Last November, I wrote about Mom’s passion for all things Star Trek and how the epic space franchise played into birthday and Christmas traditions in our household. Mr. Spock’s most famous line, “Live long and prosper,” served as the foundation for the story.
A couple of days ago, the man who embodied Mr. Spock for nearly 50 years permanently beamed off this planet to explore strange, new worlds in ethereal dimensions. Actor, director, photographer, writer, global icon Leonard Nimoy died Friday, February 27, at the age of 83. When his gentle spirit arrived on the other side, I would like to think that Mom was among the crowd of friends waiting to greet him.
Mom always had a soft spot in her heart for the half-human, half-Vulcan who nobly struggled to maintain a logical decorum even in the most challenging situations. One of the quintessential moments for Mr. Spock was written into the television episode called This Side of Paradise, one of Mom’s favorites. It took several, increasingly inflammatory insults by his space cohort, Captain James T. Kirk, to raise his ire and free him from a mind-altering alien spore. “You belong in a circus, Spock, not a starship!” Kirk shouted, “Right next to the dog-faced boy!” It was hard not to feel sorry for Mr. Spock when he was jolted from utopia and compelled to sacrifice romance for duty.
Mom’s soft spot grew to embrace the real Leonard Nimoy when she, my two children and I had our photo taken with him at a jam-packed fan convention in Sacramento in 2006. Event staff were tasked with quickly herding dozens of people in and out of the banquet room where Mr. Nimoy and his Star Trek co-star William Shatner stood in front of a gold backdrop, smiling on cue through flash after flash. In the few minutes we shared with the two men, we at least were able to thank them for three generations of unparalleled entertainment. Mr. Shatner was suffering from a cold that day and, understandably I suppose, was not particularly engaging. Mr. Nimoy, though, treated Mom like a person instead of a prop. Unhurried, warm and welcoming, he leaned in toward her wheelchair and rested a friendly hand on her shoulder for the souvenir shot. She often recounted how special this simple, sensitive act made her feel.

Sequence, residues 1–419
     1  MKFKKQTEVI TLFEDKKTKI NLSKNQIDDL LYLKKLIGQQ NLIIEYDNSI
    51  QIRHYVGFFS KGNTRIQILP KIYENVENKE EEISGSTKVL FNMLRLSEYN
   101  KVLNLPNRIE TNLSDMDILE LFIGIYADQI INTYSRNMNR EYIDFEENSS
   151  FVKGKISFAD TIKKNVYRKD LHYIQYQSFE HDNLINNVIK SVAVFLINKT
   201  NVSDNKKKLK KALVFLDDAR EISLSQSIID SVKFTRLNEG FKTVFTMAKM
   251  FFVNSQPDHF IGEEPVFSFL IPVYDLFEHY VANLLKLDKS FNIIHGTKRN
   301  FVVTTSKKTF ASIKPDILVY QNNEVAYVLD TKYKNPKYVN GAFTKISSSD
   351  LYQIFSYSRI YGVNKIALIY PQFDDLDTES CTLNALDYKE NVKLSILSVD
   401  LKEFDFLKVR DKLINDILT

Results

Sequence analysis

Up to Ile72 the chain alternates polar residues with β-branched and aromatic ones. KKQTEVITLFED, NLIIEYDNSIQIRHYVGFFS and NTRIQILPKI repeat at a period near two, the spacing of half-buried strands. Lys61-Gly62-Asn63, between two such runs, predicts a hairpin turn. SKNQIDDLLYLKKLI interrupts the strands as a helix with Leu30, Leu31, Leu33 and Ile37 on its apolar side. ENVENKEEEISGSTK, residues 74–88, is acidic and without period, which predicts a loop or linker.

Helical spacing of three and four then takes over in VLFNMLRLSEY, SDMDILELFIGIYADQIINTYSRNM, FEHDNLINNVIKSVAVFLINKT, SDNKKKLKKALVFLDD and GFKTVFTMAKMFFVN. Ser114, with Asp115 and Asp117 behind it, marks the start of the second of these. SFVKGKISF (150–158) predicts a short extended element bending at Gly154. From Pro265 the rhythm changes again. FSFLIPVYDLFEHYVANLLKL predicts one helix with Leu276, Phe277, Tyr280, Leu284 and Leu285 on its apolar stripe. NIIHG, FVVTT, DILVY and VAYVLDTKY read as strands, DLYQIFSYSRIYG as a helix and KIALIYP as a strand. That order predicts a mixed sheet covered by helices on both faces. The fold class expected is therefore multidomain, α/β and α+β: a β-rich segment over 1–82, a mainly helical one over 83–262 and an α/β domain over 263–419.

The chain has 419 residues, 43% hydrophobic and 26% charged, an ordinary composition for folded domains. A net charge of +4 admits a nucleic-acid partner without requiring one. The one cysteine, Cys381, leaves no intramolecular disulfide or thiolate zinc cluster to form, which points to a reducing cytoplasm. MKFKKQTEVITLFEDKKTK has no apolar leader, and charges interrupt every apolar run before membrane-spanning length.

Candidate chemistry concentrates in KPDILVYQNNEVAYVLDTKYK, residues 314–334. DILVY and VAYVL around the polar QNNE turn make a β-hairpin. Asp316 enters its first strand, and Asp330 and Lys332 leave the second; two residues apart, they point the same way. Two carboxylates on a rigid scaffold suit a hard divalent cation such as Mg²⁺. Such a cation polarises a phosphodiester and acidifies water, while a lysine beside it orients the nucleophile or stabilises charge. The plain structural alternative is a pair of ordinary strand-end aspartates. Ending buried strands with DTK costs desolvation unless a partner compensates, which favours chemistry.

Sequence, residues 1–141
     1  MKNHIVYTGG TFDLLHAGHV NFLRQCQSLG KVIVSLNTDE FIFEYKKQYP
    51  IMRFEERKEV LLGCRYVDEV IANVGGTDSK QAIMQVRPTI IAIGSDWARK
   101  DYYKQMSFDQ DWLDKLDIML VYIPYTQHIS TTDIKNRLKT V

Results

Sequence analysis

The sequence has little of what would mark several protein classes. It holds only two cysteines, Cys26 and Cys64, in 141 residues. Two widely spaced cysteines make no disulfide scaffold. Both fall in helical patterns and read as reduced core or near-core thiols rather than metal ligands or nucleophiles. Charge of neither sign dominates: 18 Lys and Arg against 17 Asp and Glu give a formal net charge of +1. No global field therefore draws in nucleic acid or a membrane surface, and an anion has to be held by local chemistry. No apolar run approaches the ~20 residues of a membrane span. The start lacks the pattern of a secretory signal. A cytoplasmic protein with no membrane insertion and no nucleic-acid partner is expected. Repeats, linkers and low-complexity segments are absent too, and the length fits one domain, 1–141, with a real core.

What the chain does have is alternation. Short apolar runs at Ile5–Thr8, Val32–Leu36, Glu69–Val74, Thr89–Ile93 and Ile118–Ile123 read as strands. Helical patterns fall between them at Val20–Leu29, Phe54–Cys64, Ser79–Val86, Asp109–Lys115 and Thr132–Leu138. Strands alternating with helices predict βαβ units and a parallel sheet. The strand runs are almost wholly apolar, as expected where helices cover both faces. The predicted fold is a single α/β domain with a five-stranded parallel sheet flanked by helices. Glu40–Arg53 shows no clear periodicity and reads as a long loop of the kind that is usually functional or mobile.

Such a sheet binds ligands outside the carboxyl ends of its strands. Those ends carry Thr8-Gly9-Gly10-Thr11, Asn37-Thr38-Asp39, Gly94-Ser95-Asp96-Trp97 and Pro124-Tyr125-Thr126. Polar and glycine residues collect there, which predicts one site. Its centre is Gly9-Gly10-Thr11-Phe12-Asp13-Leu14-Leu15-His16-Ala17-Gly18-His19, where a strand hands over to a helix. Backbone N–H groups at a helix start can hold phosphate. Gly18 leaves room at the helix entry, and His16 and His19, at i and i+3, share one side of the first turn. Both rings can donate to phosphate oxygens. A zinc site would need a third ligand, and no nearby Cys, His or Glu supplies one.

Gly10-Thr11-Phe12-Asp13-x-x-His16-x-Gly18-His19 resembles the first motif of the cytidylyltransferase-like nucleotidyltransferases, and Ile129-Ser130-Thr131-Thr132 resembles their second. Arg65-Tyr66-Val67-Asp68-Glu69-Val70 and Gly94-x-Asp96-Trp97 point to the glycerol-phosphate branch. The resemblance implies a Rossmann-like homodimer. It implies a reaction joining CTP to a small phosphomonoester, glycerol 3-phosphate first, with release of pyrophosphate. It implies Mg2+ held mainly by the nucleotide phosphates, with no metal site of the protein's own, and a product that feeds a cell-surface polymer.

I’m sure that brief moment did not impact Mr. Nimoy in the meaningful way that it did Mom. After decades of photo shoots, the parade of fans he touched must have been a blur. However, when I read the last comment he posted on Twitter four days before he died, I was amazed by the way his powerful words seemed to reflect on moments just like that one.
A life is like a garden. Perfect moments can be had, but not preserved, except in memory. LLAP.
Preserved in memory. Through this weekly column, I am the guardian of my mother’s memory and the storyteller entrusted with commemorating her life and experiences. Today I am also privileged to be one of the many guardians of Mr. Nimoy’s memory by chronicling his small act of human kindness toward my mother.
I can’t help but be reminded of Admiral James T. Kirk’s eulogy when Mr. Spock died at the conclusion of the film Star Trek II: The Wrath of Khan. “Of all the souls I’ve encountered in my travels,” Kirk said, “his was the most human.”
Kirk’s voice broke during that monologue. Poignantly, he struggled to keep it together to appropriately honor his friend. Today, in real life, there are millions around the world struggling to do the same as they remember Mr. Nimoy. He was truly our friend, if only through television, film and photo opps. If he could speak to us, perhaps he would repeat the dying words of Mr. Spock as he slowly succumbed to radiation poisoning after saving the ship and all hands on board.
Don’t grieve, Admiral. It is logical. The needs of the many outweigh the needs of the few or the one. I have been and always shall be your friend. Live long and prosper.